The Mole looked round at the honest face of his friend, brow furrowed and whiskers twitching. Outside the light was already going from the sky, and the windows rattled in the wind. It was a day for firesides, and crumpets. With great fortitude he stood up. ‘Well’, he said bravely, ‘why don’t we go and try to find him?

‘Would you?’ said Ratty, ‘it’s no kind of a day for a walk’.

‘Of course it is’, said the Mole, moving now with bustling decision, ‘now where did I put my stick?’

Some time later, the Mole and the Rat drew close to the edge of the Wild Wood. It was not a place either of them liked very much: dark and forbidding, especially on a cold blustery November afternoon.

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Conservation poetry: a field guide

Is there such a thing as conservation poetry? This question has been running through my mind since I talked with a Masters student who was doing a project on ‘conservation art’. I asked exactly what that meant. This led to an interesting discussion about different artists (primarily in graphic art or sculpture) whose work spoke of themes central to conservation. There are lots of examples, either of projects (the Ghosts of Gone Birds for example), organisations (such as the Artists for Nature Programme), or individuals (like the wonderful murals of my friend Rory McCann).

Yet while I can think of many artists whose work inspires me as a conservationist, I hesitate to say that my response necessarily matches their intention: the question for me is whether my feelings should be allowed to label their art? To me, artists do what they do, expressing what they see or hear in their heads. The notion that the resulting art, even if it portrays some aspect of nature, should necessarily be thought of as ‘conservation art’, seems wrong. Art just is. Its effects lie with the response of those who engage with it.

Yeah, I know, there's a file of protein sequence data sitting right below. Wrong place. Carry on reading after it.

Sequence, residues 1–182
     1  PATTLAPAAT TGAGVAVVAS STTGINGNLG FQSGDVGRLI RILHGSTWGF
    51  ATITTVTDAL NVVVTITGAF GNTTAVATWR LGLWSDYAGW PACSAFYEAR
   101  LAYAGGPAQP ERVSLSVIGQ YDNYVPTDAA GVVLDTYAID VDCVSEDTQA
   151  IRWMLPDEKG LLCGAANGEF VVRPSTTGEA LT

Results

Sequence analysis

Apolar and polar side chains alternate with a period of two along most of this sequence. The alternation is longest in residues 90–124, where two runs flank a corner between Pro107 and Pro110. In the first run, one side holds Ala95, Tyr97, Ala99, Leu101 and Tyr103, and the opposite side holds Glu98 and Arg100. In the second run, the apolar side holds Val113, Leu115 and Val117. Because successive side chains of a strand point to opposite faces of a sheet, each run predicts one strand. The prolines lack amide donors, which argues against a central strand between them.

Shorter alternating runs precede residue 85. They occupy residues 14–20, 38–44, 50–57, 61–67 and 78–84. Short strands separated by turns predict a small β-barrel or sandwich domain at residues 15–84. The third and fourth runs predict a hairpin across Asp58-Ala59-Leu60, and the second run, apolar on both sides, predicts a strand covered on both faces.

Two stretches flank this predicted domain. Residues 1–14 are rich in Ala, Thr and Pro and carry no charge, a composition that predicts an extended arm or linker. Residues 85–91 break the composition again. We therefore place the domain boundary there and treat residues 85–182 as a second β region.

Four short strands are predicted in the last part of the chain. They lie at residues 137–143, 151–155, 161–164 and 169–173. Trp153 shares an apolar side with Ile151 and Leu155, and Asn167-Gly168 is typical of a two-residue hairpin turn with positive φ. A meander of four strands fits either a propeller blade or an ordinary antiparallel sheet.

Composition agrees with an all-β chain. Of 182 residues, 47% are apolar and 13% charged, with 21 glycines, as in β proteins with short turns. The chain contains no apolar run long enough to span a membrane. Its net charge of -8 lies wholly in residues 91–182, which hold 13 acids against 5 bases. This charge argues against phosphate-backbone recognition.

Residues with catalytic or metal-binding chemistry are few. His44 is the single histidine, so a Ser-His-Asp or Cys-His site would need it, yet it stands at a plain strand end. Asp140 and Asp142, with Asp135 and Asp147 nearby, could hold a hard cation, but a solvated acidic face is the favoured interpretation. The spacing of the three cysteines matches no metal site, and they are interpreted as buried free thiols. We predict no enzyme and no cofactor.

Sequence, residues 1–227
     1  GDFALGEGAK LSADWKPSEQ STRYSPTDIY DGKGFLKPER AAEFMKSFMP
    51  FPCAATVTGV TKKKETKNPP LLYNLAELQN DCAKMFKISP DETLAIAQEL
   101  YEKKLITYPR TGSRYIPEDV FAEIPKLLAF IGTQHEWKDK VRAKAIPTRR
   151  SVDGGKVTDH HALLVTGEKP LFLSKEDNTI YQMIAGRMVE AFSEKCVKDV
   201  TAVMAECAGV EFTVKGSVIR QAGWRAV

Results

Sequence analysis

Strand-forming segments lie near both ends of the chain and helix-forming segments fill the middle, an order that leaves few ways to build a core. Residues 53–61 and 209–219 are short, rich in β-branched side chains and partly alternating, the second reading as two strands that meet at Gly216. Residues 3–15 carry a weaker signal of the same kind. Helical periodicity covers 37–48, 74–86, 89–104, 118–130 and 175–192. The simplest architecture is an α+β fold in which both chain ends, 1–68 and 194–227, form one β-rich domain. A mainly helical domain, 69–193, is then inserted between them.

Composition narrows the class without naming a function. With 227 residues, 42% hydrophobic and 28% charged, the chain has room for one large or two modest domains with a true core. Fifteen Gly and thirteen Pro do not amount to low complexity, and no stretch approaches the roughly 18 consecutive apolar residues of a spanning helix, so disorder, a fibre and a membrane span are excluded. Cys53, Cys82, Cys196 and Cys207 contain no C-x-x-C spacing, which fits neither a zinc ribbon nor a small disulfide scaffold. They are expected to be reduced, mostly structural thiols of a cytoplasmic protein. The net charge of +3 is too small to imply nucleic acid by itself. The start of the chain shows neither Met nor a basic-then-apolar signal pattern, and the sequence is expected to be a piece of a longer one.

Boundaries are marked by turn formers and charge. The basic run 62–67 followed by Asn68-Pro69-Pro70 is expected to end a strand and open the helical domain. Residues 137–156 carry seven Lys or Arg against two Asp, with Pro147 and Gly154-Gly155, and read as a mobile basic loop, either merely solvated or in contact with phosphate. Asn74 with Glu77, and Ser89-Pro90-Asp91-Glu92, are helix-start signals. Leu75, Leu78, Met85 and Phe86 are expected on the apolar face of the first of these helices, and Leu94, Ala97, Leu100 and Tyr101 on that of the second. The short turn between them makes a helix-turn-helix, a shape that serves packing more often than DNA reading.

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Lament of a Lawn Person

Last weekend I spent the best part of two hours mowing the lawn. This is not my favourite task: it comes ahead of using the vacuum cleaner or cleaning the bath (just), but way behind washing up or mending a puncture. Maybe somewhere around answering emails: a necessary evil. Why? Well, for one thing, it is quite tiring, without as far as I can see being very good exercise: a walk would be better for body and mind, and cycling to work beats mowing hands down. Also it is unpleasantly noisy: at this time of year, English suburbia rings to the throb of powered garden machinery, a kind of evening chorus, as solitary males display their fitness by competing to be loudest, sometimes flying off in a speeding courtship circuit on sit-on mowers.

But the main reason I dislike mowing is not its unproductive consumption of time, its ineffective burning of calories or the noise. It is that it seems such a stupid thing to do. Grass likes being cut. The more you cut it, the more it grows. If you fertilise it, and drill holes in it to aerate it, and kill weeds, it grows even faster. The alert gardener mows it every week, perhaps more often: especially as Spring turns into Summer, when days are long, the air warm, and the ground still moist (in May in Cambridgeshire you can almost hear grass growing). This is the challenge to which the eager gardener rises: you cut the grass and make it beautiful; it keeps growing, so you keep cutting so it remains beautiful.